"Designing handheld or mobile devices requires combining rich functionality and high-performance computing while minimizing power consumption. Multicore processor-based systems will provide the embedded computing in such devices. The sheer size of these Systems-on-Chip (SoCs) creates serious implementation challenges, from design partitioning, time budgeting, and hierarchy management to block shaping, macro placement, and power planning. As we move into 2009, designers of embedded multicore processor-based systems are demanding hierarchical chip planning and finishing systems that automate these tasks, allowing them to reuse desired portions of the floorplan throughout the prototyping phase and in subsequent designs as well as to accelerate design closure".
Yukti Rao, Senior Product ManagerDesign Implementation Business Unit
Magma Design Automation
"In 2009, engineering teams will turn to emulations systems to serve as a key component of a hardware/software codesign flow. Consumer electronics, in particular, require smaller process technologies, multicore architectures, and embedded software content in chips. This focus brings more SoC designs and the need for emulation.
Emulation provides an all-in-one system for hardware debugging and embedded software validation. Hardware designers and software developers can share the same system and design representations and work together to debug hardware/software interactions".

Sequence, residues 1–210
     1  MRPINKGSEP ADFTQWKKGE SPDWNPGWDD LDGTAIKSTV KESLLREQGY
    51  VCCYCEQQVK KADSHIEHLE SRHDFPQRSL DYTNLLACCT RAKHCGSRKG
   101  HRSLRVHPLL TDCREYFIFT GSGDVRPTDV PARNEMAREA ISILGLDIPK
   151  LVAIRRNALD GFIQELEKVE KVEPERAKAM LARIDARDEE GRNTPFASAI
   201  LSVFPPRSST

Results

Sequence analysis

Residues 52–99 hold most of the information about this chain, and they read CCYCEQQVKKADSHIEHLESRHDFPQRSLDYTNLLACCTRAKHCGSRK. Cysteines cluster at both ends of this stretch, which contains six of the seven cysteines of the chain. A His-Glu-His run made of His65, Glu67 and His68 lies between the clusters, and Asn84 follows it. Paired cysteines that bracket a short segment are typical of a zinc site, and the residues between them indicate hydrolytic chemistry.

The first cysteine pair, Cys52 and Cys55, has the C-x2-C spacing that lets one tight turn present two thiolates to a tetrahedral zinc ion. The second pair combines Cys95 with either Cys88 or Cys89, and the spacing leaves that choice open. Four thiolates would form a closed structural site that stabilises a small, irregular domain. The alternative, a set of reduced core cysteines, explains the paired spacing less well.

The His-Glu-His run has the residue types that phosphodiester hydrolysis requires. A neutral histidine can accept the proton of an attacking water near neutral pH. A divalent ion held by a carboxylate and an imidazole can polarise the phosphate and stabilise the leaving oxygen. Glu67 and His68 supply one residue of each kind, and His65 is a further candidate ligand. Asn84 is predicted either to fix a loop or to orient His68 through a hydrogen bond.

Lauro Rizzatti, General Manager
"Three key trends are driving ZigBee technology. First, the growth of the market and the adoption of ZigBee in green networking and energy management networks are accelerating and expected to double to nearly 10 million nodes in 2009, according to West Technology Research Solutions. ZigBee should reach public consciousness in 2009 with a large number of utility companies adopting the technology.
From an engineer's perspective, greater integration and processing capability is going into the actual silicon that implements ZigBee. Complementing this is the continued development of tools that make use and adoption easier in embedded devices".
Bob Gohn, Vice President of Marketing